The most important roundup of news for AMC May 22 2021
- Adam Aron confirms that the “3.2 million” shareholders figure as of March 11 accounts only for shareholders in the U.S. and Canada! If we now consider the undoubtedly huge influx of apes since March 11 and all apes outside of the U.S./Canada, I would estimate that there are currently at least 4,000,000 shareholders worldwide.
- Oops, did triple neck make a boo-boo? Apparently, AMC basher Rich Greenfield has been practicing without a license. Perhaps, Rich shouldn’t have challenged apes to “bring it on”? @SEC_Enforcement will appreciate feedback from concerned parties.
- Facebook begins censoring and banning users who post legitimate, verifiable news about Rich Greenfield’s apparent involvement in illegal activities. Facebook falsely claims that such posts “don’t follow Community Standards.” Wow. Remember, “Citadel owns almost $1 billion in Facebook shares.” Also, Randi Zuckerberg (the sister of Facebook CEO Mark Zuckerberg) is a member of Motley Fool’s board of directors. Yeah, nothing to see here, folks!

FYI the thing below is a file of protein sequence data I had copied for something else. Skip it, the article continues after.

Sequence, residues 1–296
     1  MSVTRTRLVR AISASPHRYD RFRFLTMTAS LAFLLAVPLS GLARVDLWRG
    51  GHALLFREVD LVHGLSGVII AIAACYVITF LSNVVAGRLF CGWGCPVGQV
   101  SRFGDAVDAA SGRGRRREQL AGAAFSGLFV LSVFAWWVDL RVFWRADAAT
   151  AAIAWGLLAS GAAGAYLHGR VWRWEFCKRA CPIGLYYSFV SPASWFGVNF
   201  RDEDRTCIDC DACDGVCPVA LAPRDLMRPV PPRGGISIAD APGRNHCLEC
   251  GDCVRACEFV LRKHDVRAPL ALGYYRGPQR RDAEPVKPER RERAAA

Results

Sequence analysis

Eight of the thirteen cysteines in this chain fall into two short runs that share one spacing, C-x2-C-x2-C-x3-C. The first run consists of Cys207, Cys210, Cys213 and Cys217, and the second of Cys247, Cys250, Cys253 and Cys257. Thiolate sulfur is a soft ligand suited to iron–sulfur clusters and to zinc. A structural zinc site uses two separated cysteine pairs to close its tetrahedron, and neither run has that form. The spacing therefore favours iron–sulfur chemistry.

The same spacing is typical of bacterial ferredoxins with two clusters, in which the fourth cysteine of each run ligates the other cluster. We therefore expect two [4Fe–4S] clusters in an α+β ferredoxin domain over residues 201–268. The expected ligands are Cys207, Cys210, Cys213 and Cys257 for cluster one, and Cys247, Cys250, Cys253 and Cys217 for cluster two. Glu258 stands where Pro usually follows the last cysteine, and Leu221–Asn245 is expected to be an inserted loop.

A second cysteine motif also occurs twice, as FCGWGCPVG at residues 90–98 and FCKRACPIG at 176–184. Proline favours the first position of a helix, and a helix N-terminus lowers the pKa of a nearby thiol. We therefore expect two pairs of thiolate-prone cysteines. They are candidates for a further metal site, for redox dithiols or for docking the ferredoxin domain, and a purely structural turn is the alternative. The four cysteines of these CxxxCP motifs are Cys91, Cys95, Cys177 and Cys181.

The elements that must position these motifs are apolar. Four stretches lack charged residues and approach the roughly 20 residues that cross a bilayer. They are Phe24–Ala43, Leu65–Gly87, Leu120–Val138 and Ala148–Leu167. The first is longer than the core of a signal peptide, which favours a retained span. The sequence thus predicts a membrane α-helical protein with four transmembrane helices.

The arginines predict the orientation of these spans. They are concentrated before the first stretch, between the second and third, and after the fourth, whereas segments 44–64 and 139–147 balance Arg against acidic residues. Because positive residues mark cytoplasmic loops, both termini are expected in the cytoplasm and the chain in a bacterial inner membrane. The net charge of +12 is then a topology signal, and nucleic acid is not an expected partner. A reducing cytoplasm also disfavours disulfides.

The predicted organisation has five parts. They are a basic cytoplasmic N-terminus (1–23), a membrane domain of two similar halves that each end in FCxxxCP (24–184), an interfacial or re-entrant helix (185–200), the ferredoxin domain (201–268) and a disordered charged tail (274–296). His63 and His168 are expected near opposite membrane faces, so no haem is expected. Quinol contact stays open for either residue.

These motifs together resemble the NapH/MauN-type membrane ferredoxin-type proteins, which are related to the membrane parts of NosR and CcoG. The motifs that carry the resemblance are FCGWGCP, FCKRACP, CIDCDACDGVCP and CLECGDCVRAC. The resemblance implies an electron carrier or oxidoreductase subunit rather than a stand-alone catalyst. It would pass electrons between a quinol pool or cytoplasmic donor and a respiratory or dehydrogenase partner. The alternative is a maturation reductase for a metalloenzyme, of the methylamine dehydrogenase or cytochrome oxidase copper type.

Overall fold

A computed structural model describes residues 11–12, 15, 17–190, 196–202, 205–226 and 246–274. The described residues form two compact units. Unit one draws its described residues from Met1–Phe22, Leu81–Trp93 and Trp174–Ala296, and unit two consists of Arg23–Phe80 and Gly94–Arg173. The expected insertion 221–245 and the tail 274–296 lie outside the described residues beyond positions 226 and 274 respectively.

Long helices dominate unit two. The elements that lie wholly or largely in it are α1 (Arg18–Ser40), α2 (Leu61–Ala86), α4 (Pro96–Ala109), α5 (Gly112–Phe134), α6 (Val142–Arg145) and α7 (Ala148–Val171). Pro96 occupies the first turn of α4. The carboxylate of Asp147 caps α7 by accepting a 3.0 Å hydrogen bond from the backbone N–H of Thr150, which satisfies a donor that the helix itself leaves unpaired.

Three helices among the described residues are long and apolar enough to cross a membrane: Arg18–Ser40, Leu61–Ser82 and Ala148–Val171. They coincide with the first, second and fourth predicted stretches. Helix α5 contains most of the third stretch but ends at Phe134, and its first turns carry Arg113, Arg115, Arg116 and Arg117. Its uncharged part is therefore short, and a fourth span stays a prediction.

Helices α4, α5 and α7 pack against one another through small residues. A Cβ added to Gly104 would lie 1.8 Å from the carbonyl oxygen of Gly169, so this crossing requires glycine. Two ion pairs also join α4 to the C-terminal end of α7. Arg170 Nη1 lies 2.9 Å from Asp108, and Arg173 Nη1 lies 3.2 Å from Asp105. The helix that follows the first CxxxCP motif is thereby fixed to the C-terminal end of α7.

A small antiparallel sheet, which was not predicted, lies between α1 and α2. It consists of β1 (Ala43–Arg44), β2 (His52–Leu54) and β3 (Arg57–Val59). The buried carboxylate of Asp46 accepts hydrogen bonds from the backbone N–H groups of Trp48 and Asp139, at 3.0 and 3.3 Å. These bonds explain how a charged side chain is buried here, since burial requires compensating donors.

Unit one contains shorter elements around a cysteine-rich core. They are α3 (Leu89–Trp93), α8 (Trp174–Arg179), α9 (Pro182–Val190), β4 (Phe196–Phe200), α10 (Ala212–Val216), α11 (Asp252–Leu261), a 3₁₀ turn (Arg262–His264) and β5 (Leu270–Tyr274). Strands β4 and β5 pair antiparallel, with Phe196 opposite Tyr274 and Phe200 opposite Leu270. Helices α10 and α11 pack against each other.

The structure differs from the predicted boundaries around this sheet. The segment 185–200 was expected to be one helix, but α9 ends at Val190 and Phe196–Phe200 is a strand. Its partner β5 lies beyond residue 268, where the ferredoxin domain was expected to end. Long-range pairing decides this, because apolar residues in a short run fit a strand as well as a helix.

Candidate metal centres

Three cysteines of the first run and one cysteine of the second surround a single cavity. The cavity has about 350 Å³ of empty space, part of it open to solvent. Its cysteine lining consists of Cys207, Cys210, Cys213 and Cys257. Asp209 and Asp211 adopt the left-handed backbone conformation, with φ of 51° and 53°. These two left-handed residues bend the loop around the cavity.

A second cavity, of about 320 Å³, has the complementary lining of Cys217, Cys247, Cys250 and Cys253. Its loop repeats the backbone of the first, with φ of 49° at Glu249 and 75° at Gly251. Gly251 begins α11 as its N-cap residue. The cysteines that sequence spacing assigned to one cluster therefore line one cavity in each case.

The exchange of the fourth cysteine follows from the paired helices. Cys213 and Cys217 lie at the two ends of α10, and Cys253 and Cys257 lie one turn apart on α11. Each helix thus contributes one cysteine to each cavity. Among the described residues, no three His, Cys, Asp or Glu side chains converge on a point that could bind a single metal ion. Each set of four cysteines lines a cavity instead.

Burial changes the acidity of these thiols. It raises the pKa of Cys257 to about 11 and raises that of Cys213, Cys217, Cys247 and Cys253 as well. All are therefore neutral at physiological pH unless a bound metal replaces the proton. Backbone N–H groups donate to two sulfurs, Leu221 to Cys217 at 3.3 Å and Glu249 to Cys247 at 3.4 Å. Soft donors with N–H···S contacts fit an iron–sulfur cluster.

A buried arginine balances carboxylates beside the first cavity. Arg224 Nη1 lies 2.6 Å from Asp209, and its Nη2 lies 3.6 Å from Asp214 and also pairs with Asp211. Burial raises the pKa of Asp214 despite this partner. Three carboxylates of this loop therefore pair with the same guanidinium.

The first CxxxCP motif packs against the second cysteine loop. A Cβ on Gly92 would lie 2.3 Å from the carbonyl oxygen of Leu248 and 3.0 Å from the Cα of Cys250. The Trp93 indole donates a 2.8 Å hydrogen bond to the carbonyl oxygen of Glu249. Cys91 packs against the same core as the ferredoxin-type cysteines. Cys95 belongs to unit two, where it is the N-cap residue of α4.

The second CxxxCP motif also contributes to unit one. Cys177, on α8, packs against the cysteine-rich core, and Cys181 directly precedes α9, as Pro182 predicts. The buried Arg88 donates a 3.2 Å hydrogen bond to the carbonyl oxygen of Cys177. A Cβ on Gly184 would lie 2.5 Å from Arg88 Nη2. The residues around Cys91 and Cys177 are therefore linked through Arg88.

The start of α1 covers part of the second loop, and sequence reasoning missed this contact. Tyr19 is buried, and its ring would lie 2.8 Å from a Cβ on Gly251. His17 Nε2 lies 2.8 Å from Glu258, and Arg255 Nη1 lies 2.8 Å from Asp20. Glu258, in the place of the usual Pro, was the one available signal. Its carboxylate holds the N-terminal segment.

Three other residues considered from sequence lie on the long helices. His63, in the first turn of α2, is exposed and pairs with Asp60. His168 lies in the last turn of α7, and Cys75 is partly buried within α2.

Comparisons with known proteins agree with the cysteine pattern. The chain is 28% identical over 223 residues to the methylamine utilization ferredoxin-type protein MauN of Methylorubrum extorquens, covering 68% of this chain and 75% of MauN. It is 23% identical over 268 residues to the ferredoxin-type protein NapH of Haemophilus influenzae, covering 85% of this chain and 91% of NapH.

- On May 19, the 3-month daily average volume of AMC was 97.51 million. Multiply that by 91 days of rolling 3-month average and you get 8,873,410,000 shares—yes, almost 8.9 billion shares—traded in the last 3 months. That means the entire float would have had to be bought and sold over 19 times! That seems utterly impossible, considering that non-selling apes own 80%+ of the float. Hmmmmm.
- Citadel got busted for “trading rules violations” by Chinese regulators, so you know that Citadel did some unconscionably shady stuff. Citadel had to pay a fine of $97 million.
- re: Hedge funds covering when synthetic shares are involved
When a hedge fund is forced to buy/cover a naked short/synthetic share, that share does NOT get placed into the float because it’s not an actual share. It doesn’t really exist! It never really existed. Therefore, it can NOT and does NOT create more liquidity when sold. Instead, when a hedge fund is forced to buy a synthetic share, it gets cancelled. UNDERSTANDING THIS IS KEY. Buying a synthetic share does not help a hedge fund at all, aside from eliminating an initial barrier to eventually being able to start covering its legitimate short positions. Hedge funds must buy (i.e., “cancel out”) every naked short/synthetic share before being allowed to start covering their legitimate short positions. In other words, they have no shortcuts or easy ways out!